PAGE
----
My View from South Hill
Tagged as “football”
Wednesday, November 19, 2008
Looming ahead of me through the gray mist, a sea of red jackets and a wall of sound. Just behind me, a sea of blue jackets and another wall of sound. Directly ahead, 22 big bodies each tensed in a crouch, facing each other in two lines of eleven each. Somewhere a whistle blows and the noise becomes still more deafening.
The Cortaca Jug is about to kick off.
College sports has been part of my life for as long as I can remember. I was an undergraduate at The University of Michigan during the height of the Bo Schembechler – Woody Hayes rivalry. It is an unforgettable experience to stand with 110,000 other fans in the big bowl in Ann Arbor and cheer on the home team. But that pales next to the experience of standing on the sideline next to the Ithaca College football team. The ground level perspective completely changes your understanding of the size and speed of the athletes. On those occasions when the play comes directly at you, you look for a hole to dive into.
That this is the “biggest little game in the country” makes the sideline atmosphere all the more intense. Ithaca College and SUNY Cortland have played each other all but a few years going back to the 1930s. The rivalry was already well established nearly a half century ago, when childhood friends Dick Carmean and Tom Decker were elected team captains for Ithaca and Cortland respectively. They decided that the two teams should be playing for a trophy of some kind, and shortly after that noticed a row of jugs on the porch of a farmhouse in the nearby town of Homer. A brief negotiation with the farmer led to the purchase of one of the jugs. Forty-nine years later, the two old friends return to this rivalry game, bringing the jug to the center of the field and pledging it to the winning team.
Last Saturday, the undefeated Cortland Red Dragons met the once-defeated Ithaca Bombers with NCAA playoff seedings at stake. Ask any Ithaca College player, though, and you would learn that for them the real stakes of this game are possession of the Jug, bragging rights for the year to come, and the life-long pride that come from being able to answer the question that every Bomber fan will ask for the rest of their lives: “How did you do against Cortland?”
It rained almost constantly during the 2008 Cortaca Jug game, alternating between a light drizzle and a heavy downpour. Had any of the fans actually sat down they would have found very wet seats, but none did. The Ithaca College students kept up their cheers and chants for the entire game, pausing only to roar their approval of a big play. In a complete reversal of the usual role, cheerleaders on the sidelines would pick up on the chants coming from the stands rather than the other way around.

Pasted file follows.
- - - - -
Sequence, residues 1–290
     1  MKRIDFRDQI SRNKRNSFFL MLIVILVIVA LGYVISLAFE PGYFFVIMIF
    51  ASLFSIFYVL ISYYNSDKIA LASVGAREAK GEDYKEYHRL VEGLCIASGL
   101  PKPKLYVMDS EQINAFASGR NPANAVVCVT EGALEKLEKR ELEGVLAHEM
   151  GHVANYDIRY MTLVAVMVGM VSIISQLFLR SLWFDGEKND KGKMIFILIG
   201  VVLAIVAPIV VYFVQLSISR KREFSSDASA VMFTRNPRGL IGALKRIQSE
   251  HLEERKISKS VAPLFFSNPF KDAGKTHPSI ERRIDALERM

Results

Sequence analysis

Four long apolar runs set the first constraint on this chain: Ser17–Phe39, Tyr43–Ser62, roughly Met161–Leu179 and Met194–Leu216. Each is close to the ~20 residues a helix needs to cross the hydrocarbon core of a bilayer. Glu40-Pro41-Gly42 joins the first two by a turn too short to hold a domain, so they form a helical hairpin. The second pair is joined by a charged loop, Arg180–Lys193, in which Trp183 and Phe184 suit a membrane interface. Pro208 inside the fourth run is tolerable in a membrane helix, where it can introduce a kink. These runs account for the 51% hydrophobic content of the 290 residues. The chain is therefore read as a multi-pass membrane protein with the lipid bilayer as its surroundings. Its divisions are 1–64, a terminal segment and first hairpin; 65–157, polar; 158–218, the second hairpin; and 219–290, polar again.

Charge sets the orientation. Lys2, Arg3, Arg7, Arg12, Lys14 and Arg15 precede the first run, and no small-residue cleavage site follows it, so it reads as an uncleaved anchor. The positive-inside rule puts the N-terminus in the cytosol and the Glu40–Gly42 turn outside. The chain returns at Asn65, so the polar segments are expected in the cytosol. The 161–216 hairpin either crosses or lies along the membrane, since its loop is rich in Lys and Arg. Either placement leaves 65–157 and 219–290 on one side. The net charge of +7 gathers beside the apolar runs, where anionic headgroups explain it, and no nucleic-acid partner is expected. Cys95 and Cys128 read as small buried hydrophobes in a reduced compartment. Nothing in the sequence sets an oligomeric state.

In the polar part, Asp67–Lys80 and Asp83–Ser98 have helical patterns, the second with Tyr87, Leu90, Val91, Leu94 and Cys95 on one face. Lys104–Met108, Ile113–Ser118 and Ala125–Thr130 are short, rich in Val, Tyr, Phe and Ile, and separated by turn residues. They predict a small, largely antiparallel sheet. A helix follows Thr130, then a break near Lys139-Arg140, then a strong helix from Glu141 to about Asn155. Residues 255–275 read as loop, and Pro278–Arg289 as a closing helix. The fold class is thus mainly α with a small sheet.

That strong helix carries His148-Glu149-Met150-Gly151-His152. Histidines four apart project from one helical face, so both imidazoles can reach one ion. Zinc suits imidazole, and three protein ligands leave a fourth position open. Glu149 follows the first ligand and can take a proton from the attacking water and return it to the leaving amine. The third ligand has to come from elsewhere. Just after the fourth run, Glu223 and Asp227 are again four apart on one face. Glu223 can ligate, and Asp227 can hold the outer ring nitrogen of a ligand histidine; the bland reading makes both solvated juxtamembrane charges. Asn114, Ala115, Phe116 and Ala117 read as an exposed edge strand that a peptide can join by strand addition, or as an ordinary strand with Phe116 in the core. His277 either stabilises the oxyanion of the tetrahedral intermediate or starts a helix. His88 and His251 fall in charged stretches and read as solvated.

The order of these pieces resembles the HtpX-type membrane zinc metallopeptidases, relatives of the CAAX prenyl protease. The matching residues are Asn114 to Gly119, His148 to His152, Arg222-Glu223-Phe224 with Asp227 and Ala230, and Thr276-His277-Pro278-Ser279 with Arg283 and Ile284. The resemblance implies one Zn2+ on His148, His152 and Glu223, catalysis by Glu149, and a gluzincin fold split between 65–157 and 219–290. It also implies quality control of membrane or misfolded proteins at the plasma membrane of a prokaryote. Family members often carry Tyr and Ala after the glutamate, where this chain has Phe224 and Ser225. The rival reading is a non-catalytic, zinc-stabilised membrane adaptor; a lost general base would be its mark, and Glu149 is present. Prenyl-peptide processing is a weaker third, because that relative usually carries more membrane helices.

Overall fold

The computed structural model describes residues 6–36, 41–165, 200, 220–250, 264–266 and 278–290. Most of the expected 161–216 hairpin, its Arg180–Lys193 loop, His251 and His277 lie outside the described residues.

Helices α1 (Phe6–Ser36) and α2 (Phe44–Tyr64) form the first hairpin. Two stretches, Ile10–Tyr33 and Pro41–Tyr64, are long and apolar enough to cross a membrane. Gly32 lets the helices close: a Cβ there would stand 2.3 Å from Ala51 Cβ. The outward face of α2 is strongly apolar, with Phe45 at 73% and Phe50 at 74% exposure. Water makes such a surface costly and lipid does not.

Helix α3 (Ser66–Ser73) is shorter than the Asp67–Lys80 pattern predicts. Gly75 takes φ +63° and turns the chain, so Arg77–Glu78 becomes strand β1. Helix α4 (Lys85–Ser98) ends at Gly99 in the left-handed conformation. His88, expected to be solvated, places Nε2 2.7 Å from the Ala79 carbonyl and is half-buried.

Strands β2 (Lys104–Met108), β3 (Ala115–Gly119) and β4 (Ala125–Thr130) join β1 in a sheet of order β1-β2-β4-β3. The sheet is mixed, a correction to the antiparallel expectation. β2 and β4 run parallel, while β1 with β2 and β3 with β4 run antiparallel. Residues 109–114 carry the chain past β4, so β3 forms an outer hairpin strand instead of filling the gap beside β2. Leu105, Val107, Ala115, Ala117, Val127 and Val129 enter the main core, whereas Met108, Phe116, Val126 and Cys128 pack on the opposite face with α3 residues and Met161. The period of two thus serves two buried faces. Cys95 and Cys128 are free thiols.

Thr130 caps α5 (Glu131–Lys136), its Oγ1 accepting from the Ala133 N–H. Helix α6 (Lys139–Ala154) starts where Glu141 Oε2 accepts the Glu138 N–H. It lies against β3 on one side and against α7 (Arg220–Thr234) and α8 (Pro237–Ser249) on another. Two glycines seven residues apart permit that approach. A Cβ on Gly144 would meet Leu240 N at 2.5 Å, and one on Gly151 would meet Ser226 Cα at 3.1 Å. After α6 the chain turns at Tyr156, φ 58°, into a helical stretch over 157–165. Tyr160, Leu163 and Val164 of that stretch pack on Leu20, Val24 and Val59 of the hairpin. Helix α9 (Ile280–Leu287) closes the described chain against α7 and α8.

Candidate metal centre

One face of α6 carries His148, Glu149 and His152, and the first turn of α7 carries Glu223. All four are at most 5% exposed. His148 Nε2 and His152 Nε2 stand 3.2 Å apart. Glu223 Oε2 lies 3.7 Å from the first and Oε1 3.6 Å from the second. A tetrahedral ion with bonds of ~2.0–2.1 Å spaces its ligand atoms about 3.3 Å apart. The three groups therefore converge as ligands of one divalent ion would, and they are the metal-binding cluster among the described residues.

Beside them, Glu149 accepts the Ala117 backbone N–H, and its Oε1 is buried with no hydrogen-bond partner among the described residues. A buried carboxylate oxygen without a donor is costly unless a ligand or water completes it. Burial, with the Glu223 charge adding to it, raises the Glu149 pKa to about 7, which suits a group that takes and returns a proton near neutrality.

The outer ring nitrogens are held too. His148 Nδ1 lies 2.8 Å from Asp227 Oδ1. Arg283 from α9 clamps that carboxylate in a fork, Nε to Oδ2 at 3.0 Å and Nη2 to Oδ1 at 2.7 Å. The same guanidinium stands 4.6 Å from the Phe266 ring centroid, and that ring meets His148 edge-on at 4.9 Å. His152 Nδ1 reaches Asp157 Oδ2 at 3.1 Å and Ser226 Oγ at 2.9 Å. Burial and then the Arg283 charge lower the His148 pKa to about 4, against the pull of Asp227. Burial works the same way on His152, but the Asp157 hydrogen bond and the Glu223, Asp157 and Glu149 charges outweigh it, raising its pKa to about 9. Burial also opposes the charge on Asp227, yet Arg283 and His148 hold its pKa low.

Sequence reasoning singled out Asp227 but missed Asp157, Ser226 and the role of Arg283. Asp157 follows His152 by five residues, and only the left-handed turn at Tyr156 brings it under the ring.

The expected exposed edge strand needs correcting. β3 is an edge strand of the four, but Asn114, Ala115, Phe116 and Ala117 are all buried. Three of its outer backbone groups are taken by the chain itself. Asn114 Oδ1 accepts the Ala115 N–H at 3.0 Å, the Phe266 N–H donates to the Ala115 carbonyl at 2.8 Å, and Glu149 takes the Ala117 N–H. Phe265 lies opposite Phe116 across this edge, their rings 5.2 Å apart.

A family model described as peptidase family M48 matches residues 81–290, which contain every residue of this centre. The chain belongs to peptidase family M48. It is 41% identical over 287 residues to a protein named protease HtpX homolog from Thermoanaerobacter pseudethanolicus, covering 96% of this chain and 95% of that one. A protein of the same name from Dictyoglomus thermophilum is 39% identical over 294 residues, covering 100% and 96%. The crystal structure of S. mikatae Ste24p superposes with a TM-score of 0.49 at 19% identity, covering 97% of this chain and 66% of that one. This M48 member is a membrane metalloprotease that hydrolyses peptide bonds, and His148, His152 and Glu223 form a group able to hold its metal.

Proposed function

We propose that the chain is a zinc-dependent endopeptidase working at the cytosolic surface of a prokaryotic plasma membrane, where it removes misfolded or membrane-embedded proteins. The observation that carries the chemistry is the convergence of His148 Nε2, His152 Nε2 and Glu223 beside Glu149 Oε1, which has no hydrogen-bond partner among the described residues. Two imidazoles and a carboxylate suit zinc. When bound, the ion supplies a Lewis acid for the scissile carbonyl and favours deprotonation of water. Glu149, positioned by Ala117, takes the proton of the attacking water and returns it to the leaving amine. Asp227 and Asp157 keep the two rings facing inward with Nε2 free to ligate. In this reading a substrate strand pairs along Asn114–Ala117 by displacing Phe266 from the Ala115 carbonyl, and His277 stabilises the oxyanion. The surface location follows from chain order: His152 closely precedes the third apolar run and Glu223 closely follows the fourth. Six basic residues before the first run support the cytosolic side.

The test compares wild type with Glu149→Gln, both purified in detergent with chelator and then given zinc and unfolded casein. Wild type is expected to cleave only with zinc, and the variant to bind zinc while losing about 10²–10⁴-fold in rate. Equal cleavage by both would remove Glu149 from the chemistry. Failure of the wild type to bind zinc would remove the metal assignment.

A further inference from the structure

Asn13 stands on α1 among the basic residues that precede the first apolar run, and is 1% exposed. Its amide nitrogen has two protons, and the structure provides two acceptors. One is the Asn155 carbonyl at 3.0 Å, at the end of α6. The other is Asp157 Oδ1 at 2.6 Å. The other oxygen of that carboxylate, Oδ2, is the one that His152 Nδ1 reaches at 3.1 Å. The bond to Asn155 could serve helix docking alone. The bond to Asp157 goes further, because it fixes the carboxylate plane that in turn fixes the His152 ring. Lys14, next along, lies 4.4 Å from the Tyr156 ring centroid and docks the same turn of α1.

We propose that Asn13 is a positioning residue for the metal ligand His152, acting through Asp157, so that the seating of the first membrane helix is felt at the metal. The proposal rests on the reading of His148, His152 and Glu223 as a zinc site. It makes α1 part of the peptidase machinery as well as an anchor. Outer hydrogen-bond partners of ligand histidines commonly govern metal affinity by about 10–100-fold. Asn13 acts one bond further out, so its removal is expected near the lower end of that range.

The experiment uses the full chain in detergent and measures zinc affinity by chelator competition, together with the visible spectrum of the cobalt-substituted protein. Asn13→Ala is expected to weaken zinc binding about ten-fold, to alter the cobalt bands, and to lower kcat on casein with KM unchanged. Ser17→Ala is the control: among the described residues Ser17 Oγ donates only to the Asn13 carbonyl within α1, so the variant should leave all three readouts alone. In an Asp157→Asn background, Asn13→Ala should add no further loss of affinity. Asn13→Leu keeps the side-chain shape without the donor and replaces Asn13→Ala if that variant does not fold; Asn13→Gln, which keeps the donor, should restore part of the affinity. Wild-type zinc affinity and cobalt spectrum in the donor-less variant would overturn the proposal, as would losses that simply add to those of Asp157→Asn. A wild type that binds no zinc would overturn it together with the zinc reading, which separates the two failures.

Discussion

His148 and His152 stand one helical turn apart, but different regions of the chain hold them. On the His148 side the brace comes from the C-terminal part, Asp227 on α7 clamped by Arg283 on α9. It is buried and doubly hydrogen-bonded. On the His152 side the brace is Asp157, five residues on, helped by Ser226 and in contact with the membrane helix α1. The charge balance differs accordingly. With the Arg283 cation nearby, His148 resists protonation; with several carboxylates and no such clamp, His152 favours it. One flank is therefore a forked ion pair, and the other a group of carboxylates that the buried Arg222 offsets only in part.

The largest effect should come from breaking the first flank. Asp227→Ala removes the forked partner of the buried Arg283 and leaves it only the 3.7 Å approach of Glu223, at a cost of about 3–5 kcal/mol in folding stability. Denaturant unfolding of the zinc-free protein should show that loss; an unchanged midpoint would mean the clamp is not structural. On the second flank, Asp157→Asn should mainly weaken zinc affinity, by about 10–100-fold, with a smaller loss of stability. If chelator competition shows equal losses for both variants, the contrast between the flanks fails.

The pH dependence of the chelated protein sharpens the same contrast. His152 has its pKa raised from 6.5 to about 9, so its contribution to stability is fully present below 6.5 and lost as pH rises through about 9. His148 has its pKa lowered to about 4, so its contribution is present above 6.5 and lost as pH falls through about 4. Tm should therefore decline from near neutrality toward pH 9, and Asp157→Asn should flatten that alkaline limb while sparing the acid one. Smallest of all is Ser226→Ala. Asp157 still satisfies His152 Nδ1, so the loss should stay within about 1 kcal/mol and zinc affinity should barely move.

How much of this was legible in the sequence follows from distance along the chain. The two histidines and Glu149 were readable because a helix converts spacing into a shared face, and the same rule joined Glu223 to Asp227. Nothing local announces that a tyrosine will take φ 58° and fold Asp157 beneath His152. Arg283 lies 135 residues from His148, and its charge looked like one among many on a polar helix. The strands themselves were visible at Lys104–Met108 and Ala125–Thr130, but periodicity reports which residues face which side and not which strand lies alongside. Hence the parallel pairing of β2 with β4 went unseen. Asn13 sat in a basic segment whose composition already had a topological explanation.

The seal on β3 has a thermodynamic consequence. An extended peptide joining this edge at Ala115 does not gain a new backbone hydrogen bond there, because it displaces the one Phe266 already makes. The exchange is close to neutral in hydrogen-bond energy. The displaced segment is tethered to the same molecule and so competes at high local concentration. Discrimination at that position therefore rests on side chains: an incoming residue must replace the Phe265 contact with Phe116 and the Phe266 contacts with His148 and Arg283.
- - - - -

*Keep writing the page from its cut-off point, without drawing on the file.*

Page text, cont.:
Three hours later, the fiftieth line of print was ready to be painted onto the Cortaca Jug. It will read: 2008 – Ithaca 35 Cortland 13.
Tuesday, October 14, 2008
I had the opportunity recently to join a group of Ithaca College alumni, parents and friends in the owner’s box for a Tampa Bay Buccaneers football game, courtesy of Ed Glazer, co-owner of the team and member of the Ithaca College class of ‘92. The evening before, we took a tour of the team’s new training facilities, including an opportunity to talk with Coach Jon Gruden. As we walked from the magnificent lobby through locker rooms, weight rooms, training rooms, meeting rooms, and media centers, our group of Ithaca College supporters could not help but note features that we might want to incorporate into our own Athletics and Events Center, an ambitious undertaking on which the College hopes to break ground next spring.
The most striking aspect of the tour, though, was to see how strongly team images were incorporated throughout the facility. Our first hint was the giant Buccaneer flag that flies between that stadium and the training center a half mile away. Within the training center itself, the Buccaneer red and silver is everywhere, along with the team logo. Giant photographs of players in action adorn the walls, as do reminders of the team’s triumph in Super Bowl XXXVII in 2003 In the weight room, where players push their capacities and in which the team gels into a band of brothers, banners spur the players on with such slogans as “You Get What You Deserve” and “How Much Do You Want It?”
An NFL team in a typical year will have a large number of players who were not on the team the year before. Since the average professional career is less than five years long, a significant fraction of the players will be new to the league. Others will be new to the team through trade or free agency. Molding 53 athletes into a cohesive team is a challenge renewed every fall.
A college campus, by contrast, is a bastion of individualism. Students are on campus to extend their horizons and hone their skills as individuals. Dorm rooms and faculty offices are decorated according to personal taste, and adornments are carefully chosen to proclaim one’s unique identity and interests.
Despite those differences, a professional sports team and a college campus are united by the pursuit of excellence. Every day on South Hill sees the creation of several thousand stories of striving for greater insight, capacity or performance. Breakthroughs are made in studios, seminar rooms, laboratories, clinics, practice rooms, and rehearsal spaces. Students have their “Eureka!” moments in the library and on stage. Although we never come together as a single unit on Sunday afternoon to measure our progress in competition against an opponent, the Ithaca College campus is as focused on the development of human potential as are the Tampa Bay Buccaneers.
On the day we were there, Tampa Bay soundly defeated the team that had previously been in first place in their division. You get what you deserve.